As if 2020 did not already present enough difficulties, a few complicated workers’ compensation claims have made for an even more tumultuous year. Some of the factors complicating these claims include layoffs, concurrent claims for unemployment benefits, subsequent claims from the same claimant, and the interaction of state and federal laws. Below, these variables impacting claims are broken down to help you manage workers’ compensation claims with ease.
In Georgia, a workers’ compensation claimant is entitled to temporary total disability (TTD) benefits, pursuant to O.C.G.A § 34-9-261, if she can show, by a preponderance of competent and credible evidence, that she has experienced a total loss of earning capacity due to a work injury. A claimant is not, however, entitled to TTD benefits simply by virtue of being laid off. Instead, at least in Georgia, if a claimant suffers from a physical disability that resulted from an on-the-job accident and is discharged from her employment for some reason other than her work accident, she must show a “diligent but unsuccessful” job search to qualify for workers’ compensation wage benefits. Thus, there will generally be an initial question of whether the layoff was the result of the claimant’s work injury.
For example, many employers in Georgia were forced, due to the economic realities of the pandemic, to lay off a portion of their workforce. If the only employees who are laid off are those with work restrictions, a savvy claimant’s attorney may attempt to show that the work accident, not the coronavirus, is the actual reason for the loss of earning capacity.
To continue the example presented by layoffs related to COVID-19, many companies applied for unemployment benefits on behalf of their employees who were furloughed or laid off. In situations where the claimant is also receiving workers’ compensation benefits, the employer may be entitled to some credit for the unemployment benefits paid. In Georgia, under O.C.G.A. § 34-9-243, the employer is entitled to a dollar-for-dollar credit for unemployment paid. This is meant to prevent claimants from double dipping and receiving unemployment benefits at the same time they are receiving, or otherwise entitled to, indemnity benefits for a workers’ compensation accident. Employers in Georgia wishing to avail themselves of this credit must give 10 days’ notice before any hearing at which the credit is sought.
Subsequent-injury claims may convolute an otherwise compensable work-related injury and entitle the claimant to additional workers’ compensation benefits. Consider the following claim involving drug addiction as an example:
Assume a claimant has a compensable back injury, and as a consequence of the pain from his injuries, he consumes alcohol or drugs in such excess that he develops an addiction. Medical expenses or disability attributable to alcohol addiction are not compensable. Treatment for drug addiction, on the other hand, may be compensable if “such addiction or disability resulted from the use of drugs or medicines prescribed for the treatment of the initial injury by an authorized physician” to treat his compensable work injury, as outlined in O.C.G.A. § 34-9-1(4). This bright line between alcohol addiction and drug addiction is significant, and may be explained, in part, because an authorized physician prescribes opioids for pain management, for instance, but not bourbon.
Consider another example from American Surety Corp. v. Bush 100 Ga. App. 819 (1959),in which a carpenter fell from scaffolding, sustaining a compensable fracture to his skull. The carpenter’s treating physician authorized, among other treatments, an antibiotic that caused the carpenter to develop a fungal condition called “black tongue.” The black tongue caused the carpenter distress, and he missed work because of it. The Court of Appeals of Georgia held the carpenter was entitled to additional workers’ compensation benefits for his black tongue, as it was the natural consequence of his treatment for his original injuries.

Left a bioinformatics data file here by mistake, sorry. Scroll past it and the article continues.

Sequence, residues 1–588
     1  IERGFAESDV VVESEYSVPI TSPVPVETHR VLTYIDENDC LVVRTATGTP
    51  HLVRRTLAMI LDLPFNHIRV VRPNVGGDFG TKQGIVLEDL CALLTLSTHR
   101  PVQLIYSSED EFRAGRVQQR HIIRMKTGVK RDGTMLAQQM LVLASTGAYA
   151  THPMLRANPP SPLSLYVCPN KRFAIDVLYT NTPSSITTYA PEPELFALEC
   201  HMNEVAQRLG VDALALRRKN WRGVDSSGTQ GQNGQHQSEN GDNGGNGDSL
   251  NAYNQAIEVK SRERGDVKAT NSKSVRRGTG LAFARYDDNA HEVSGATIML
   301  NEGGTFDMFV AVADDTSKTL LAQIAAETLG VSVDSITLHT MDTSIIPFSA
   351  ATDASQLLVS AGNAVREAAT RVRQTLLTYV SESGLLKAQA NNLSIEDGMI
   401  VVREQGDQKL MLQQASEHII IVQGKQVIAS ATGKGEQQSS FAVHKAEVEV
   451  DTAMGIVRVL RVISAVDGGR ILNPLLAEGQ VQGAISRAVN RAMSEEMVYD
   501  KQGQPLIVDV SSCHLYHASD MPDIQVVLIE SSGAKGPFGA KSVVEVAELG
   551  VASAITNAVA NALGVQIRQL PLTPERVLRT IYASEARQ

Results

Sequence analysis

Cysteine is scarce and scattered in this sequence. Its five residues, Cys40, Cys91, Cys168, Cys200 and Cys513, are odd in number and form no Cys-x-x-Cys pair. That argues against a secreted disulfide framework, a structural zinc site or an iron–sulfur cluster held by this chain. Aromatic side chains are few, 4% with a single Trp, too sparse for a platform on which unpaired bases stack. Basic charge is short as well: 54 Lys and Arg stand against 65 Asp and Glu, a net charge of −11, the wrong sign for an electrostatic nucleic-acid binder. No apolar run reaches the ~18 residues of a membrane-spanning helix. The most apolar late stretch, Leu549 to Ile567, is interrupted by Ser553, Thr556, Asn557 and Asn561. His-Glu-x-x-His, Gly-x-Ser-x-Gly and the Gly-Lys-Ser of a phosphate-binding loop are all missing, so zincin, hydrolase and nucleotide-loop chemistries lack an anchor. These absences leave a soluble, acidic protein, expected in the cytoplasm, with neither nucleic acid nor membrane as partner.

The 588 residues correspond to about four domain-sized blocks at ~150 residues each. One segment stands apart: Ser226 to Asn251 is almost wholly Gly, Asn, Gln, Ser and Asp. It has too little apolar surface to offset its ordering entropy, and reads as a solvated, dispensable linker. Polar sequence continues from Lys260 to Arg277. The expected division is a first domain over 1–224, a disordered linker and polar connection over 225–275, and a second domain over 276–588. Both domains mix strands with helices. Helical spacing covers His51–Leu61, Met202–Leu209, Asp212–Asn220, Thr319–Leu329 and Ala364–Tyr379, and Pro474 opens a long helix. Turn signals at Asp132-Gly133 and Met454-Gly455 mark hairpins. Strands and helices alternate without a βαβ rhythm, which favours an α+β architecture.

As these scenarios are fact-specific, employers can contact an attorney to help mitigate exposure and determine if there is a true subsequent claim.
Similarly, certain federal laws such as the Family Medical Leave Act (FMLA) can reshape how we think about a compensable injury in Georgia. Generally, FMLA provides unpaid, job-protected leave for specified family and medical reasons with continued group health insurance coverage. FMLA and workers’ compensation may run concurrently, however an employer cannot force an injured worker to use FMLA in lieu of workers’ compensation. On the other hand, because FMLA protects injured workers from termination while they are on medical leave, an employee who is out of work for a work-related injury may, if the circumstances allow, choose to also take FMLA medical leave to avoid termination.
In practical terms, that means a savvy claimant’s attorney may advise the claimant to have her personal doctor provide the requisite documents to request FMLA leave. This can prevent an employer from returning a claimant to work in a situation where the authorized treating physician has released the claimant to light duty or full duty while the claimant’s family doctor maintains that she cannot work. Normally, under workers’ compensation, employers would have recourse if the claimant’s authorized physician released her to work in some capacity. With a light-duty release, employers can begin the WC-240 process of bringing the claimant back to work and can take appropriate action if she refuses. However, a claimant’s job is safeguarded for a specific amount of time under FMLA.
After the requisite period of protected leave expires, however, an attorney can help employers redirect the claimant to the workforce under the WC-240 light-duty return-to-work process, assuming she has been released to light duty by the authorized treating physician.